Included within the radicals represented by R of Formula 1 are aryl radicals and halogenated aryl radicals such as phenyl, chlorophenyl, xylyl, tolyl, etc.; aralkyl radicals such as phenylethyl, benzyl, etc.; aliphatic, haloaliphatic and cycloaliphatic radicals such as alkyl, alkenyl, cycloalkyl, haloalkyl including methyl, ethyl, propyl, chlorobutyl, cyclohexyl, etc.; R can be all the same radical or any two or more of the aforementioned radicals, while R is preferably methyl, R' includes all radicals included by R above except hydrogen, where R' can be all the same radical or any two or more of the aforementioned R radicals except hydrogen, and R' is preferably methyl. R' also includes, in addition to all the radicals included by R, except hydrogen, cyanoalkyl radicals such as cyanoethyl, cyanobutyl, etc., radicals. Radicals that are included within the definition of Z of Formula I are hydrogen, methyl, ethyl, propyl, chloro, bromo, iodo, etc. and combinations thereof, and Z is preferably hydrogen.
The hydrolytically stable copolymers of the present invention can be further described as comprising recurring copolymeric units of a polydiorganosiloxane joined by substituted aryloxy-silicon linkages to a polyester of dihydric phenol and a precursor of carbonic acid, where each of said recurring copolymeric units comprises by average weight from about 10 to about 75% of said polydiorganosiloxane, and preferably from about 40 to 70% by weight.
The copolymers of Formula I can be produced by reacting at temperatures in the range of 0° to 100° C., preferably 20° to 50° C., and in the presence of an acid acceptor, a mixture of a halogen chain stopped polydiorganosiloxane having the formula ##STR7## and a dihydric phenol having the formula ##STR8## and thereafter phosgenating said reaction product until the resulting copolymer achieves a maximum intrinsic viscosity, where R, R', Z and b are as defined above, and X is a halogen radical, preferably chloro.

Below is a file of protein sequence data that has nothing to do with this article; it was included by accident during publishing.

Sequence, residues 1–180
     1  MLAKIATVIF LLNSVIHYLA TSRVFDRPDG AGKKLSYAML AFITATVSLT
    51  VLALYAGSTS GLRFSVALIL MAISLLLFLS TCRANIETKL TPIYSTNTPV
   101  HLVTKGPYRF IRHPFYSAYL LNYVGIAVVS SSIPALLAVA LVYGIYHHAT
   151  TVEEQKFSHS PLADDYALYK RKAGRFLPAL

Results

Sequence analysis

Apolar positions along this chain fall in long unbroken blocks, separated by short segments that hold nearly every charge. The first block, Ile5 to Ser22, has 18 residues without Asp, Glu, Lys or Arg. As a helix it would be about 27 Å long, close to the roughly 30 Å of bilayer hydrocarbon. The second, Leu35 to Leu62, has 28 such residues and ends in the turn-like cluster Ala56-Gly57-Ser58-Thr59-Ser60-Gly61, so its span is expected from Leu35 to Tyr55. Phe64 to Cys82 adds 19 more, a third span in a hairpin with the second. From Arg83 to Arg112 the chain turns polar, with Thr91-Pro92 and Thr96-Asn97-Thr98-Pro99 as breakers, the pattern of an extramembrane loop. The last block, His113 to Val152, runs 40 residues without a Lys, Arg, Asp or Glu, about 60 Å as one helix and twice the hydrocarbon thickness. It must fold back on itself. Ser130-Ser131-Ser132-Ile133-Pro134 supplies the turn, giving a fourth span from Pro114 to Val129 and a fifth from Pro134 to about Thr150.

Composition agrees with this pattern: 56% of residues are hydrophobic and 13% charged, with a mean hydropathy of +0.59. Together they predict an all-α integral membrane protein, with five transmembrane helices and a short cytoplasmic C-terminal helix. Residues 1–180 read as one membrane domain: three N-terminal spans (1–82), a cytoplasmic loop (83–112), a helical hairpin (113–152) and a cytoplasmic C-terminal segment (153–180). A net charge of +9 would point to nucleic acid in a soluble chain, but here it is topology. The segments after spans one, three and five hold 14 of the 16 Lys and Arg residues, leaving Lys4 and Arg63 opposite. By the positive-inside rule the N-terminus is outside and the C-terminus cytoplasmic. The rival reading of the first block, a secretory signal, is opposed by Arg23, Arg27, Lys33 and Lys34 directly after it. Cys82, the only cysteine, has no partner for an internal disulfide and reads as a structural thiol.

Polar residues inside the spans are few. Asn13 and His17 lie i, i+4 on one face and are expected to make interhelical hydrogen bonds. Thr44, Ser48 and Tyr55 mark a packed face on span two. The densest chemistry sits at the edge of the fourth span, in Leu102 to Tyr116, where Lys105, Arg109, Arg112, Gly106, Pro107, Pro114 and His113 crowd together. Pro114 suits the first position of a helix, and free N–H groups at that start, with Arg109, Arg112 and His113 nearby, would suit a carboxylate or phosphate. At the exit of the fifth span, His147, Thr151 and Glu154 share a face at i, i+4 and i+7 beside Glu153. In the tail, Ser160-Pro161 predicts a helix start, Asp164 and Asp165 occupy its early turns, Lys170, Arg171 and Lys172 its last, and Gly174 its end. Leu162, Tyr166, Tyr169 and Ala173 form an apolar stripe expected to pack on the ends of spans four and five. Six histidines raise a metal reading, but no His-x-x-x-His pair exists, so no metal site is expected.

The halogen chain stopped polydiorganosiloxanes of Formula III can be made by conventional procedures such as by the controlled hydrolysis of a diorganodihalosilane, for example, dimethyldichlorosilane as taught in Patnode U.S. Pat. No. 2,381,366 and Hyde U.S. Pat. Nos. 2,629,726 and 2,902,507.
Another procedure that can be employed involves equilibrating a mixture of a diorganodichlorosilane and a cyclic polydiorganosiloxane in the presence of a metal catalyst such as ferric chloride as shown in Sauer U.S. Pat. No. 2,421,653. Although the various procedures utilized in forming the halogen chain stopped polysiloxane are not critical, generally it has been found desirable to maintain the halogen content of the resulting halogen chain stopped polysiloxane in the range of about 0.4 to about 35% by weight, and preferably from about 1 to about 10% by weight of said halogen chain stopped polysiloxane. The halogen chain stopped polysiloxane is preferably in the form of a chlorinated polydimethylsiloxane.
Dihydric phenols that are included in Formula IV are, for example, 2,2-bis(4-hydroxyphenyl)propane (bisphenol-A); 2,4'-dihydroxydiphenylmethane; bis-(2-hydroxyphenyl)methane; 1,1-bis(4-hydroxyphenyl)ethane; 1,2-bis(4-hydroxyphenyl)ethane; 1,1-bis(4-hydroxy-2-chlorophenyl)ethane; 1,1-bis(2,5-dimethyl-4-hydroxyphenyl)ethane; 1,3-bis(3-methyl-4-hydroxyphenyl)propane; 2,2-bis(3-isopropyl-4-hydroxyphenyl)propane, etc. Mixtures can also be used. Others will occur to those skilled in the art.
The block copolymers of a vinyl aromatic and alkadiene are well known in the art. These polymers are well defined in various U.S. patents including, for example, U.S. Pat. Nos. 4,481,331 and 4,537,930, both patents herein incorporated by reference. Either the aliphatic unsaturated copolymer or the selectively aliphatic hydrogenated polymers can be employed. The latter are preferred. The selectively hydrogenated linear, sequential or radial teleblock copolymer component (b)(i) for use in the present invention may be made by means known in the art and are commercially available. Prior to hydrogenation, the end blocks of these polymers comprise homopolymers or copolymers preferably prepared from alkenyl aromatic hydrocarbons and particularly vinyl aromatic hydrocarbons wherein the aromatic moiety may be either monocyclic or polycyclic. Typical monomers include styrene, alpha methyl styrene, p-methyl styrene, vinyl xylene, ethyl vinyl xylene, vinyl naphthalene, and the like, or mixtures thereof. The end blocks (A) and (A'), may be the same or different. They are preferably selected from styrene, alpha-methyl styrene, vinyl toluene, vinyl xylene, vinyl naphthalene, especially styrene. The center block (B) may be derived from, for example, butadiene, isoprene, 1,3-pentadiene, 2,3-dimethylbutadiene, and the like, and it may have a linear, sequential or teleradial structure.
The selectively hydrogenated linear block copolymers are described by Haefele et al., U.S. Pat. No. 3,333,024, which is incorporated herein by reference.